Sanctions could escalate Iran standoff: ElBaradei
Thursday, January 18, 2007; 4:15 PM
PARIS (Reuters) - The head of the U.N. nuclear watchdog, Mohamed ElBaradei, said on Thursday sanctions against Iran could escalate a standoff over its nuclear program and called for a new impetus to break the deadlock.
Last month the U.N. Security Council approved limited sanctions against Iran due to Tehran's refusal to suspend uranium enrichment, which can yield fuel for power plants or bombs.
Iran vehemently denies charges it is seeking nuclear weapons under the cover of its civilian atomic program. But it was referred to the Security Council last year for failing to convince the world that its aims are entirely peaceful.
"I don't think sanctions will resolve the issue. I think sanctions, in my view, could lead to escalation on both sides," ElBaradei said as guest speaker at a meeting in Paris.
The new sanctions ban transfers of sensitive nuclear materials and know-how to Iran. The U.N. resolution set a 60-day deadline for Iran to halt nuclear fuel work. If it does not, the Security Council could weigh broader, tougher sanctions.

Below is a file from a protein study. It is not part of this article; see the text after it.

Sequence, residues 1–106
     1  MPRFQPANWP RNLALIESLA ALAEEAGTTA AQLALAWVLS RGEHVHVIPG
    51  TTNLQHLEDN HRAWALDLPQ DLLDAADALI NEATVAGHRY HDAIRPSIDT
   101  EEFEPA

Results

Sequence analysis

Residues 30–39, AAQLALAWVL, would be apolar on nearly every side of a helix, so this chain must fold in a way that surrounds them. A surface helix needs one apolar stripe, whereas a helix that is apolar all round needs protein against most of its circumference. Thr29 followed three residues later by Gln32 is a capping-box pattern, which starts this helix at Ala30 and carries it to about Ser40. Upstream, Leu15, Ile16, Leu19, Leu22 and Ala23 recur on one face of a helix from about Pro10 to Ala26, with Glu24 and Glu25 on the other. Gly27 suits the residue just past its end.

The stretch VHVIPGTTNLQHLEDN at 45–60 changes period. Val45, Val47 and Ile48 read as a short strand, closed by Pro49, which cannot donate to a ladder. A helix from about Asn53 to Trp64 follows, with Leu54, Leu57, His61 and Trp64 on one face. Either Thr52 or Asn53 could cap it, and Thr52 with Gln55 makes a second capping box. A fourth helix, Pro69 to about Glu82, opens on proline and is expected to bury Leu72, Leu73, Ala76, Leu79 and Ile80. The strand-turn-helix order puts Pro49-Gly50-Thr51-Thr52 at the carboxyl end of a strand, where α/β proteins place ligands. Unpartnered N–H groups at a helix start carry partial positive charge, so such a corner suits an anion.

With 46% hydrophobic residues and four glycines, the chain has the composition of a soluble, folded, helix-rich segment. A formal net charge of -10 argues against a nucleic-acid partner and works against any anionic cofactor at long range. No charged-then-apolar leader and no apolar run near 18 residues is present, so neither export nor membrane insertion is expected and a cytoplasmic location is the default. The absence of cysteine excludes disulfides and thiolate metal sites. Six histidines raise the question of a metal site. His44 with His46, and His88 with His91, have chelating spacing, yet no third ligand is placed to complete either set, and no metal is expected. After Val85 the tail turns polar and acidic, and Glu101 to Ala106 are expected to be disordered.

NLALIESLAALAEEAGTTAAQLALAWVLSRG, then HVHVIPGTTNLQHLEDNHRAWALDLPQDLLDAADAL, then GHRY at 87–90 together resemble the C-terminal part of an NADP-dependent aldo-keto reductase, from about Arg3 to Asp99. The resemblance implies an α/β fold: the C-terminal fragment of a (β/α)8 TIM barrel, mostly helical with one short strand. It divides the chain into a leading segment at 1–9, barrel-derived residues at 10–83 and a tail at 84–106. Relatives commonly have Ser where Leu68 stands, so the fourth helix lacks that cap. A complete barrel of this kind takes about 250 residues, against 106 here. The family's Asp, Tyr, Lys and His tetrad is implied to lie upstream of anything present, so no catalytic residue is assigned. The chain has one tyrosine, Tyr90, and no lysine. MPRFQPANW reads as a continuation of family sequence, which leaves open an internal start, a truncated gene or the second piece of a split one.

Six of the world's top powers -- the United States, Russia, China, France, Britain and Germany -- have told Iran they are prepared to discuss exchanging a package of incentives for curbs to its enrichment program, if it suspends enrichment first.
But ElBaradei, who along with his International Atomic Energy Agency (IAEA) won the 2005 Nobel Peace Prize, said such talks should not be a reward.
"The idea that a dialogue is a reward for good behavior, I disagree with that. A dialogue is a prerequisite for changing behavior," he said ahead of a meeting later on Thursday with French Foreign Minister Philippe Douste-Blazy.
STICKING TO THEIR GUNS
Iran said this week it was pressing ahead with a plan to install 3,000 centrifuges, machines that enrich uranium, with the aim of achieving industrial-scale nuclear fuel production.
"My worry right now is that each side is sticking to their gun if you like. The international community is sticking to their gun, saying 'sanctions or bust'. Iran is saying 'nuclear enrichment capability or bust'," ElBaradei said.
"We need somebody to reach out and be able to find a solution."
After three years of IAEA inspections of Iran's nuclear program, ElBaradei says the jury is still out on whether the program is entirely peaceful.
He added, however, that he agreed with an assessment by U.S. intelligence chief John Negroponte that Iran, which has so far enriched token amounts of uranium in a small number of centrifuges, could produce a nuclear bomb in 4-9 years.
"I read that implicitly to mean that they don't have undeclared facilities right now because if they do, then the time span will be shorter," he said.
With Iran aiming for industrial-scale enrichment, ElBaradei said he was concerned the Islamic republic would follow North Korea's example and leave the nuclear Non-Proliferation Treaty before declaring that it had a nuclear bomb.
"I hope that ... we will not see a repeat of North Korea."